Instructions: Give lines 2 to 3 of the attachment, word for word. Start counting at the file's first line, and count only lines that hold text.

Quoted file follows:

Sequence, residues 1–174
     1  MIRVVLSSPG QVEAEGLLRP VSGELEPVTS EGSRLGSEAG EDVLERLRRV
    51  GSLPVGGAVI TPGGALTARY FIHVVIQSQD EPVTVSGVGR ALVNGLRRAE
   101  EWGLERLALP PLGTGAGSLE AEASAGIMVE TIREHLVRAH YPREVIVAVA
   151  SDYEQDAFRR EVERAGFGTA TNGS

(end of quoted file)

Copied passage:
     1  MIRVVLSSPG QVEAEGLLRP VSGELEPVTS EGSRLGSEAG EDVLERLRRV
    51  GSLPVGGAVI TPGGALTARY FIHVVIQSQD EPVTVSGVGR ALVNGLRRAE